Beyonce, Wilco, or The Arcade Fire. If, for the past ten years, you’ve
followed popular music beyond the narrow confines of Top 40 radio, you
already know the big albums and the major musical trends of the decade.
This is not about that. The Aughts were ushered in by a cavalcade of
short-lived (sometimes all too literally) rap stars, pre-fab boy bands,
and pop divas, and they will be ushered out by a cavalcade of rap stars
and pre-fab artists who made their names by covering classic rock and
Motown tunes on TV. Now that’s innovation. During the intervening ten
years Pitchfork became the de facto arbiter of all things hip, and
hyped a bunch of tuneless bands with animals in their names. MTV
continued to have nothing to do with music, preferring instead to pump
out reality shows of has-been rock stars dating D-list actresses. And
steadfastly held its ground, holding out for a Beatles
reunion. To all of them I bid auld lang syne, and good riddance. I’m
more interested in what happened in the margins, in those places where
musical taste was not a fashion or lifestyle accessory, and where
certain albums and songs intersected with my life and informed my
understanding of what was happening around me.
here’s a strange and idiosyncratic musical overview of the decade that
was. Much of the music that was most meaningful to me was made by
people who are not household names, perhaps not even in their own
homes. But they made music that thrilled me, challenged me, and made me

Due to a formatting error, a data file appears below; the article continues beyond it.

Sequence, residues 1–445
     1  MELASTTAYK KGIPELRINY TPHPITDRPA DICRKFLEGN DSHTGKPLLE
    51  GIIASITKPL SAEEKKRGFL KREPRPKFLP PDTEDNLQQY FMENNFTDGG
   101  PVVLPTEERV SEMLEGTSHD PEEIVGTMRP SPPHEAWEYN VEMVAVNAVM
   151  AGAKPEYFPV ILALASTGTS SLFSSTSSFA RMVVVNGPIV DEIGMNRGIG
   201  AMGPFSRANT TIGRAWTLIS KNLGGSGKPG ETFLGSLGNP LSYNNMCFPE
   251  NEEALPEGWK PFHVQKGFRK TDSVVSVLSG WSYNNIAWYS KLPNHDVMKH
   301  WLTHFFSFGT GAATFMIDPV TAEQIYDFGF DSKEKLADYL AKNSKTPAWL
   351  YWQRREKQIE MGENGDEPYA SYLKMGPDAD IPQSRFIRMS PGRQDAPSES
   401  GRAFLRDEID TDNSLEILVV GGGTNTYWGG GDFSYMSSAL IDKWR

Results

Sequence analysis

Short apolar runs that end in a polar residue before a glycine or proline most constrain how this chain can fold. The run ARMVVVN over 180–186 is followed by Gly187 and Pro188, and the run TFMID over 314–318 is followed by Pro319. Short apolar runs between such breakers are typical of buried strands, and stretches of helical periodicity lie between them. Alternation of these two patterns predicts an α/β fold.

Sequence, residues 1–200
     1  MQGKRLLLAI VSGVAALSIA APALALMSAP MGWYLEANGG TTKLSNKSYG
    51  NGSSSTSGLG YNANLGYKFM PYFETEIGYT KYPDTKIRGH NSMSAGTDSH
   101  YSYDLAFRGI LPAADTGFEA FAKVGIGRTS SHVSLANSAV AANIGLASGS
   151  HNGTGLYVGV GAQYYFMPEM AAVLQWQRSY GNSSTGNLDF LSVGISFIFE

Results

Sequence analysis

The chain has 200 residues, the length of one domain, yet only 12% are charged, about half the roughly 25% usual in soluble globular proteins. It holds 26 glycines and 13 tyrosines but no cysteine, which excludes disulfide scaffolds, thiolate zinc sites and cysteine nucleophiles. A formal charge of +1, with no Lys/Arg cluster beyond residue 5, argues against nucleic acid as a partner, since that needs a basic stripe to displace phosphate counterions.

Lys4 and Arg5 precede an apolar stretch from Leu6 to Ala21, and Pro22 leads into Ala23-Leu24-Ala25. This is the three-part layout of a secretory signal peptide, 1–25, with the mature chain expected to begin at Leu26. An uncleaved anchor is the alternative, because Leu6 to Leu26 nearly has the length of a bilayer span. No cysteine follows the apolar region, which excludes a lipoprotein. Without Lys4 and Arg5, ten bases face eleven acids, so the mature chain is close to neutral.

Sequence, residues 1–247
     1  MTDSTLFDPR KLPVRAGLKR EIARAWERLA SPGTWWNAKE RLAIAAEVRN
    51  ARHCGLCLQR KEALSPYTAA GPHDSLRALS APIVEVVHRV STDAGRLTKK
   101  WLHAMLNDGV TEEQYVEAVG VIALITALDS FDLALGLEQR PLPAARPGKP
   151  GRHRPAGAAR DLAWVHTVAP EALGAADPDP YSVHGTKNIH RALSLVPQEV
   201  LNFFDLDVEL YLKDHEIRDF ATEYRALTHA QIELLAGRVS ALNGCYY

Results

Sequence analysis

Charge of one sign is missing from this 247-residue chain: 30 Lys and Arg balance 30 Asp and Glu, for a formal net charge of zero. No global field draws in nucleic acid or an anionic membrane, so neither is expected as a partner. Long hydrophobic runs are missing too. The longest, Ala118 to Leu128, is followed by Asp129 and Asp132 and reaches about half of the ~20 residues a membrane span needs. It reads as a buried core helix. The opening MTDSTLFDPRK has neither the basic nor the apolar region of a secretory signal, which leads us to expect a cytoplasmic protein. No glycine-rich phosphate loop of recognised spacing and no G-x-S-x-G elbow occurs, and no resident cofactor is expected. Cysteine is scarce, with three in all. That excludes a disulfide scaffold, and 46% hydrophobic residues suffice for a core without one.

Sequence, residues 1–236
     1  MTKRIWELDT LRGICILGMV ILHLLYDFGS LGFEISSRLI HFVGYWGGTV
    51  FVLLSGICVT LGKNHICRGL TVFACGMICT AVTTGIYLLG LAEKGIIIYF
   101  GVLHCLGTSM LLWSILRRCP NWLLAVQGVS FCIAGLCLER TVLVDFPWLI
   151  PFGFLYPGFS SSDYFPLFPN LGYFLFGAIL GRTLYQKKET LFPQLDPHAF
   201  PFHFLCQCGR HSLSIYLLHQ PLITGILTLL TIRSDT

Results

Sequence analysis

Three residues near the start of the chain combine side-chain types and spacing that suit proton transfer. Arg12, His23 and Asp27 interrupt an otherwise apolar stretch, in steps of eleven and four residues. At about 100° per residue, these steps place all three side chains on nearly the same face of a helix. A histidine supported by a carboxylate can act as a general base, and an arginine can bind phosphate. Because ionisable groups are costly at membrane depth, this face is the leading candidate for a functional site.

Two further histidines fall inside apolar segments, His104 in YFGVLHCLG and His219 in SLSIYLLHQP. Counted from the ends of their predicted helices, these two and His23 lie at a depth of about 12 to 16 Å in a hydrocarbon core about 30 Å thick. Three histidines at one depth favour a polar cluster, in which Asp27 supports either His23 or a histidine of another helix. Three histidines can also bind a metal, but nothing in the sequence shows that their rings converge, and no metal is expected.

believe, all over again, in the everlasting value of three chords and a
The Next Dylan, Twice Removed
The “new Dylan” tag has historically been a curse, the musical equivalent of appearing on the cover of Sports Illustrated. Anybody remember Steve Forbert these days?
But since I’m inordinately fond of Bob Dylan, I tend to pay attention to these labels. The Aughts featured their share of nasal upstarts, but the most promising Dylan acolytes were Dan Bern, Ezra Furman, and The Tallest Man on Earth. Bern drew out his vowels and wrote epic nightmares on albums such as New American Language and Fleeting Days. Furman’s debut album Banging Down the Doors was a bracing, poetic yelp and snarl. And Swedish troubadour Kristian Matsson, who records as The Tallest Man on Earth, delivered a fine surrealistic opening salvo on 2008’s Shallow Grave.
It should also be noted that the original of the species is doing just fine, at least when he’s not attempting to croon Christmas carols best left to Bing Crosby. Dylan’s late-career renaissance continued throughout most of the decade, with two very strong albums (Love and Theft and Modern Times), and yet another Bootleg Series release (Vol. 8) that proves that Dylan leftovers and throwaways are far better than most artists’ Greatest Hits albums.